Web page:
A multi-institutional study using simulation to teach cardiopulmonary physical examination and diagnosis skills to physician assistant students

Nina Multak, Karen Newell, Sherrie Spear, Ross Scalese, Barry Issenberg

Research output: Contribution to journalArticle

5 Citations (Scopus)

Abstract

PURPOSE: Research demonstrates limitations in the ability of health care trainees/practitioners, including physician assistants (PAs), to identify important cardiopulmonary examination findings and diagnose corresponding conditions. Studies also show that simulation-based training leads to improved performance and that these skills can transfer to real patients. This study evaluated the effectiveness of a newly developed curriculum incorporating simulation with deliberate practice for teaching cardiopulmonary physical examination/bedside diagnosis skills in the PA population.

METHODS: This multi-institutional study used a pretest/posttest design. Participants, PA students from 4 different programs, received a standardized curriculum including instructor-led activities interspersed among small-group/independent self-study time. Didactic sessions and independent study featured practice with the "Harvey" simulator and use of specially developed computer-based multimedia tutorials. Preintervention: participants completed demographic questionnaires, rated self-confidence, and underwent baseline evaluation of knowledge and cardiopulmonary physical examination skills. Students logged self-study time using various learning resources. Postintervention: students again rated self-confidence and underwent repeat cognitive/performance testing using equivalent written/simulator-based assessments.

RESULTS: Physician assistant students (N = 56) demonstrated significant gains in knowledge, cardiac examination technique, recognition of total cardiac findings, identification of key auscultatory findings (extra heart sounds, systolic/diastolic murmurs), and the ability to make correct diagnoses. Learner self-confidence also improved significantly.

CONCLUSIONS: This study demonstrated the effectiveness of a simulation-based curriculum for teaching essential physical examination/bedside diagnosis skills to PA students. Its results reinforce those of similar/previous research, which suggest that simulation-based training is most effective under certain educational conditions. Future research will include subgroup analyses/correlation of other variables to explore best features/uses of simulation technology for training PAs.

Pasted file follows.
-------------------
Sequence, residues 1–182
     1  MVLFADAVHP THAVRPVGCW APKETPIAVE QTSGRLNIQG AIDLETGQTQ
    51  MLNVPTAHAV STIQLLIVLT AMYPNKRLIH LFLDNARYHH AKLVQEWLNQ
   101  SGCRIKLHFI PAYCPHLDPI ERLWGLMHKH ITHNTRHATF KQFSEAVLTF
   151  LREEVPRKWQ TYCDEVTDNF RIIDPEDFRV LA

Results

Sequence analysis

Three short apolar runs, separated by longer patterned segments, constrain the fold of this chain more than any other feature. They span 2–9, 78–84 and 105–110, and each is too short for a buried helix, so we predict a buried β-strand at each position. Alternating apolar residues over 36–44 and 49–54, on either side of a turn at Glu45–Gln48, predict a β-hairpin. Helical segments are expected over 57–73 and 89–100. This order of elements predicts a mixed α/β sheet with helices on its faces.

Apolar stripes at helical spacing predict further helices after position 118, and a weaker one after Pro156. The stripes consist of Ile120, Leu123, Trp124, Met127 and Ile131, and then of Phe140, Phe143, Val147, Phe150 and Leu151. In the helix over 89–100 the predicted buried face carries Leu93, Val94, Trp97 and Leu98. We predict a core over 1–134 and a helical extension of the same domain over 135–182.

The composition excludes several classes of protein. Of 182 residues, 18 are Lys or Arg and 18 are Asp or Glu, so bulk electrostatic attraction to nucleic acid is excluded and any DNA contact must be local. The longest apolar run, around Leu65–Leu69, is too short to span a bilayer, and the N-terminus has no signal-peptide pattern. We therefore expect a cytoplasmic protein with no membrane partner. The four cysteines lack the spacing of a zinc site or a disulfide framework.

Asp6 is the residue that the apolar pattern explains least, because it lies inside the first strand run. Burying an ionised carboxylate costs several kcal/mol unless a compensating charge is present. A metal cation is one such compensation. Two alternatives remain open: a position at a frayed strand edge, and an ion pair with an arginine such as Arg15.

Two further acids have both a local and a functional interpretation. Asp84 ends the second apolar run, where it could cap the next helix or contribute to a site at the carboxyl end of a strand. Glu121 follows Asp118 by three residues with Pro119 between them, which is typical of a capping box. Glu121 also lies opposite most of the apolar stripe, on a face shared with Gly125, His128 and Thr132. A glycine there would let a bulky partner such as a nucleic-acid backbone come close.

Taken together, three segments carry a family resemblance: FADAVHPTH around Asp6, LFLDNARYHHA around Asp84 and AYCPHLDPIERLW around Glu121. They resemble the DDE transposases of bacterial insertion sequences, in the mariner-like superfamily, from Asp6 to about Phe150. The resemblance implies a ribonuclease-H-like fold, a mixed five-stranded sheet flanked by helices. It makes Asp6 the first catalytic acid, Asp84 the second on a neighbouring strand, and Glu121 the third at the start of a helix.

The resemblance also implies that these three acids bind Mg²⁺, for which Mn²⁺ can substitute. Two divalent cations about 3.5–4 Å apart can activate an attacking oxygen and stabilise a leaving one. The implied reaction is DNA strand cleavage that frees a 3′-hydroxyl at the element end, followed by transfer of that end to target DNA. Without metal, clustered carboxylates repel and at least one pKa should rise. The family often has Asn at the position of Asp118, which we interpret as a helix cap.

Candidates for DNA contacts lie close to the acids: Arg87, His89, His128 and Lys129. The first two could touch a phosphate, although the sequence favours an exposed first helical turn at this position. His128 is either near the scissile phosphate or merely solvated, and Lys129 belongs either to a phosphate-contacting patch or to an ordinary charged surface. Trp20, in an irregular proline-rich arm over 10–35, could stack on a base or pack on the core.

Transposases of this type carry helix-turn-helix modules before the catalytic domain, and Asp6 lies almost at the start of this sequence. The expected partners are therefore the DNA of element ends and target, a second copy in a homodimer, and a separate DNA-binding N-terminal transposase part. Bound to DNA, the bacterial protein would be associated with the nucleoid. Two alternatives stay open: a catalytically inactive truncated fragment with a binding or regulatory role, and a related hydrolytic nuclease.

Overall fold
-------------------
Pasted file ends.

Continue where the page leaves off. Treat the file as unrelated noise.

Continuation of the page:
Original languageEnglish (US)
Pages (from-to)70-76
Number of pages7
JournalThe journal of physician assistant education : the official journal of the Physician Assistant Education Association
Volume26
Issue number2
DOIs
StatePublished - Jun 1 2015

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Physician Assistants
assistant
Physical Examination
physician
Students
examination
simulation
self-confidence
Curriculum
Aptitude
self-study
student
curriculum
Teaching
Systolic Murmurs
Heart Sounds
Heart Murmurs
Multimedia
ability
Research

ASJC Scopus subject areas

  • Medicine(all)

Cite this

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abstract = "PURPOSE: Research demonstrates limitations in the ability of health care trainees/practitioners, including physician assistants (PAs), to identify important cardiopulmonary examination findings and diagnose corresponding conditions. Studies also show that simulation-based training leads to improved performance and that these skills can transfer to real patients. This study evaluated the effectiveness of a newly developed curriculum incorporating simulation with deliberate practice for teaching cardiopulmonary physical examination/bedside diagnosis skills in the PA population.METHODS: This multi-institutional study used a pretest/posttest design. Participants, PA students from 4 different programs, received a standardized curriculum including instructor-led activities interspersed among small-group/independent self-study time. Didactic sessions and independent study featured practice with the {"}Harvey{"} simulator and use of specially developed computer-based multimedia tutorials. Preintervention: participants completed demographic questionnaires, rated self-confidence, and underwent baseline evaluation of knowledge and cardiopulmonary physical examination skills. Students logged self-study time using various learning resources. Postintervention: students again rated self-confidence and underwent repeat cognitive/performance testing using equivalent written/simulator-based assessments.RESULTS: Physician assistant students (N = 56) demonstrated significant gains in knowledge, cardiac examination technique, recognition of total cardiac findings, identification of key auscultatory findings (extra heart sounds, systolic/diastolic murmurs), and the ability to make correct diagnoses. Learner self-confidence also improved significantly.CONCLUSIONS: This study demonstrated the effectiveness of a simulation-based curriculum for teaching essential physical examination/bedside diagnosis skills to PA students. Its results reinforce those of similar/previous research, which suggest that simulation-based training is most effective under certain educational conditions. Future research will include subgroup analyses/correlation of other variables to explore best features/uses of simulation technology for training PAs.",
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